Peonies are incredible value for money, lasting 50 years or more once they are established in your borders. Their beautiful flowers make a superb display each summer and are great for adding to cut flower arrangements too. There is a popular myth that peonies are tricky to grow but that’s just not true if you know how to plant them properly. Choosing the right position and planting them at the right depth are the secrets to success; and once they are established they will virtually look after themselves.
Broadly speaking there are two main types of peony - tree peonies and herbaceous peonies. Herbaceous peonies such as Peony lactiflora, will die back to ground level each autumn. Their beautiful red stems will reappear the following spring. However tree peonies, such as Peony suffruticosa, are shrubbier. They produce permanent woody stems that will lose their leaves in winter but the stem itself remains intact above ground level. How you plant your peony will depend on which type you have.
Herbaceous peonies need a sunny spot. Choose a planting position where it will receive at least 6 hours of sunshine a day. They are also quite heavy feeders so they enjoy moist, fertile soil with good drainage. Avoid planting in soggy soils as this is likely to cause the crown of the plant to rot. If your soil is less than perfect then you can improve it by adding plenty of well rotted manure or compost before planting, to improve moisture levels and soil fertility.
Before you plant your herbaceous peony, check to see where the highest bud is on the crown of the plant. The highest bud needs to be planted just 5cm (2") below soil level. It’s important not to plant it too deeply as this can delay or even prevent the plant from flowering. Dig your planting hole with this in mind, making sure that the crown will sit 5cm (2") below soil level. Tamp the soil down gently and don’t forget to water it afterwards to settle the soil.In the first year after planting you can expect lots of red shoots and just one or two small flowers. But by their third year your herbaceous peonies should be producing plenty of large ruffled blooms.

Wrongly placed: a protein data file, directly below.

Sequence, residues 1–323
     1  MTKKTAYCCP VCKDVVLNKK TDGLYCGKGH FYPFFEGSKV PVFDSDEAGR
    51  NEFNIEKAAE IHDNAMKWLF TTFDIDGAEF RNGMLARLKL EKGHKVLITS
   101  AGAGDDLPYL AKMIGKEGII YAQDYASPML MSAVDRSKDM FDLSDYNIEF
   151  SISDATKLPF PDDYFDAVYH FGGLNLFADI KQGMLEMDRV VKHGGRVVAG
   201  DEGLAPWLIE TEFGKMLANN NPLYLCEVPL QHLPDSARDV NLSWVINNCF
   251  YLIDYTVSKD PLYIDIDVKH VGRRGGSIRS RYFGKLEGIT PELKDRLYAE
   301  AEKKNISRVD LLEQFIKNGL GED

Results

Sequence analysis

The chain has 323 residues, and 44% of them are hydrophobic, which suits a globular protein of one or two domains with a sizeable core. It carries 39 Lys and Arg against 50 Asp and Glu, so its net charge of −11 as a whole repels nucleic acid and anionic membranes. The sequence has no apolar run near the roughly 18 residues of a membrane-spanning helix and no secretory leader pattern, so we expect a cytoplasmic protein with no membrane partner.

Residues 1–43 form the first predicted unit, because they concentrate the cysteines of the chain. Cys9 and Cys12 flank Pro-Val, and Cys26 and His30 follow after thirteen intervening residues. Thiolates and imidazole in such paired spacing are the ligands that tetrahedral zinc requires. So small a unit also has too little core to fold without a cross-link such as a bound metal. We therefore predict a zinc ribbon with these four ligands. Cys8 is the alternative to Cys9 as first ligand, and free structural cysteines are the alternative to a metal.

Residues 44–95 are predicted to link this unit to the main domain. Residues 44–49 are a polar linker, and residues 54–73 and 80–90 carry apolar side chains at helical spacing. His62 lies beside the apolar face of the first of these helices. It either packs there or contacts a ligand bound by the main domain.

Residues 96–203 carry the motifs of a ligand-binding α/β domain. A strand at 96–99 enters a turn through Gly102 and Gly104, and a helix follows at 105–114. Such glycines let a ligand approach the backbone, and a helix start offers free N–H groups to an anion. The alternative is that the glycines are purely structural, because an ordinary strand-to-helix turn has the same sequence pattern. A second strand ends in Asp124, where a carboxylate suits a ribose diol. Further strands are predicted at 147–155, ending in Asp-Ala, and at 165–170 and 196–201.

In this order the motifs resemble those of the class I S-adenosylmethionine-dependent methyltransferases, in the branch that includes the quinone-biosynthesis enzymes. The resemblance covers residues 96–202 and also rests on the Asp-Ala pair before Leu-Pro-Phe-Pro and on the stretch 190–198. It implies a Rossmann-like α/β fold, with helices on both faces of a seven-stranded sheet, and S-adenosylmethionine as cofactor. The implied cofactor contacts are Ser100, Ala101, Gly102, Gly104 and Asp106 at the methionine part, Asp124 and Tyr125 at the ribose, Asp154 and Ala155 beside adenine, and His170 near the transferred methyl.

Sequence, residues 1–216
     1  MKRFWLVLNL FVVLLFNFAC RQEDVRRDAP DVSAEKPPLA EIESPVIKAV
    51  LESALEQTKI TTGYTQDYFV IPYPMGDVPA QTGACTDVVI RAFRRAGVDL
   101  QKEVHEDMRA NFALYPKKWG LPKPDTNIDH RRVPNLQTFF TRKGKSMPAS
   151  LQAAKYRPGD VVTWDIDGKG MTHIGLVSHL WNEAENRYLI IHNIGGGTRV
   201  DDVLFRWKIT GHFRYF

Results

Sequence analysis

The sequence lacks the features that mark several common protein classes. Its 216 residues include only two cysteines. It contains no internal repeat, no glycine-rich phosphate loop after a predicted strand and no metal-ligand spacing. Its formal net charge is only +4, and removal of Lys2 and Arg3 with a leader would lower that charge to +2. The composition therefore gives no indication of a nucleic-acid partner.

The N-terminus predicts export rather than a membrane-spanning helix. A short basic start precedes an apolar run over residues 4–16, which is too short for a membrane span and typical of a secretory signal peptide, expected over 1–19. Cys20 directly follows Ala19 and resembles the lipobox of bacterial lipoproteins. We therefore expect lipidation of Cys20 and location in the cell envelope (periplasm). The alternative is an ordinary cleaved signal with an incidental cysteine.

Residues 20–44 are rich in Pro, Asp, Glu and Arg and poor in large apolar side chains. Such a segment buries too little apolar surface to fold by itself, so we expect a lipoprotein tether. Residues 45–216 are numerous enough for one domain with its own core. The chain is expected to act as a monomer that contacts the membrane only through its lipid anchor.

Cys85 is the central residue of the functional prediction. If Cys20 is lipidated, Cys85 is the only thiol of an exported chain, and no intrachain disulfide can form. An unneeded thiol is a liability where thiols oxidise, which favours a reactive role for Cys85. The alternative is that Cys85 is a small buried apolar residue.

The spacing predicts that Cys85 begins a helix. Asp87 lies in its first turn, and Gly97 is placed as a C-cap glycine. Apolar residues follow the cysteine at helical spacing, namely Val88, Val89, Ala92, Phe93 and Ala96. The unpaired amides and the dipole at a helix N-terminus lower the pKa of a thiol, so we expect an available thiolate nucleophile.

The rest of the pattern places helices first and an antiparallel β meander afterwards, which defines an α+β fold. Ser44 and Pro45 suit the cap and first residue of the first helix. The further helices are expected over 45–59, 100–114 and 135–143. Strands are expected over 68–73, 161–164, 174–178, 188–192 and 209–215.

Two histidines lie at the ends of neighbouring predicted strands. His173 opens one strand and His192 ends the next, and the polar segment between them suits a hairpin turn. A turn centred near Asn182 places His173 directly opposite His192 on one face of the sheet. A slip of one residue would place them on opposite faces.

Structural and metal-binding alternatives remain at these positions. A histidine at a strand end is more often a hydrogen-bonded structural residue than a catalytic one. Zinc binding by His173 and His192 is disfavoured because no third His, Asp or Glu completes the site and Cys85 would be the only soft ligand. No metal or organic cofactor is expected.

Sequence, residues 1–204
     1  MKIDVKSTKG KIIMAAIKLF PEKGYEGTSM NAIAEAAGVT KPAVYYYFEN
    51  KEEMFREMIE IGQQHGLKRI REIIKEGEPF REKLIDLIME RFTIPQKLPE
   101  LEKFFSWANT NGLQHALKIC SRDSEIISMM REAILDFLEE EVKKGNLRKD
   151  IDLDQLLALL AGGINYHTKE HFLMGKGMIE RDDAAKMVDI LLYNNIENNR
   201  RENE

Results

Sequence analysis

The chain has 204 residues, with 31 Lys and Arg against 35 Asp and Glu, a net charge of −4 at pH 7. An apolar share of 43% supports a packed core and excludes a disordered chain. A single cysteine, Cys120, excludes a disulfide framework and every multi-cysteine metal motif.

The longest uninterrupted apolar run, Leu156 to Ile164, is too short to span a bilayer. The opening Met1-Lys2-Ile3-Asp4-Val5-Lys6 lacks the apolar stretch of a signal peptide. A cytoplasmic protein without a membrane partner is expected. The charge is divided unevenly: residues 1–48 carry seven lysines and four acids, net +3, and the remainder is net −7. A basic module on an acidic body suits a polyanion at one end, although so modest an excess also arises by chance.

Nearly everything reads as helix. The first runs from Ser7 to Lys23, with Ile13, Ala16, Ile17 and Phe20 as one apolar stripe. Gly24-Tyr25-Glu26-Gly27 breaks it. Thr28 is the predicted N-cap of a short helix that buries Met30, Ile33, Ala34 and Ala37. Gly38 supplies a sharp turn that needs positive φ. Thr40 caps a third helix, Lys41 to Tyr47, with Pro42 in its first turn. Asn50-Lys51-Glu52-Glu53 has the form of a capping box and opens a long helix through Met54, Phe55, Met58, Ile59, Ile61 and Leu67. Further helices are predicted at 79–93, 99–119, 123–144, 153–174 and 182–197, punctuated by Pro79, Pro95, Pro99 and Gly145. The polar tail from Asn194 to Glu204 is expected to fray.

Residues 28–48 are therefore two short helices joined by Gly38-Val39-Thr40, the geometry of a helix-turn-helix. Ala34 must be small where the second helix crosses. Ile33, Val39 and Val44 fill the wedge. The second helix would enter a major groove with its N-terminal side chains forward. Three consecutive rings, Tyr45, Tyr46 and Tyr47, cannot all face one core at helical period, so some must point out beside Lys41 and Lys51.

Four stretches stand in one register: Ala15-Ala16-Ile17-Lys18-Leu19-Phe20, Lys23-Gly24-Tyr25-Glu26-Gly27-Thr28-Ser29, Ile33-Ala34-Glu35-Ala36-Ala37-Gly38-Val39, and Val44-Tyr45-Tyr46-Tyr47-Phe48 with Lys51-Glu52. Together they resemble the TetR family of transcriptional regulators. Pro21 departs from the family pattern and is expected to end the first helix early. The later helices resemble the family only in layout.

Tree peonies prefer a sunny or semi shaded position that is sheltered from cold winds and shaded from strong early morning sunlight. Like herbaceous peonies, they enjoy a moist, fertile soil with good drainage so you can add some well rotted compost to the planting area first.
Before you plant your tree peony, take a look at the base of the plant for a bulge where the woody stem is grafted to its rootstock. This is really important because it is this graft that determines how deeply the peony should be planted. You will need to dig a hole that is deep enough so that the graft sits 10 -15cm (or 4-6") below ground level. This is much deeper than the planting hole for an herbaceous peony. Don’t worry if this means that most of your plant is below soil level and only a couple of sticks with a little bud on the tip - this is much better than shallow planting and once established your plant will be far more productive for having been planted properly.
Your peonies can live for many years if planted in the right place at the right depth so it’s well worth taking the time to do it properly so that they can reward you with their spectacular blooms, year after year.
Plants and gardens have always been a big part of my life. I can remember helping my Dad to prick out seedlings, even before I could see over the top of the potting bench. As an adult, I trained at Writtle College where I received my degree, BSc. (Hons) Horticulture. After working in a specialist plantsman's nursery, and later, as a consulting arboriculturalist, I joined Thompson & Morgan in 2008. Initially looking after the grounds and coordinating the plant trials, I now support the web team offering horticultural advice online.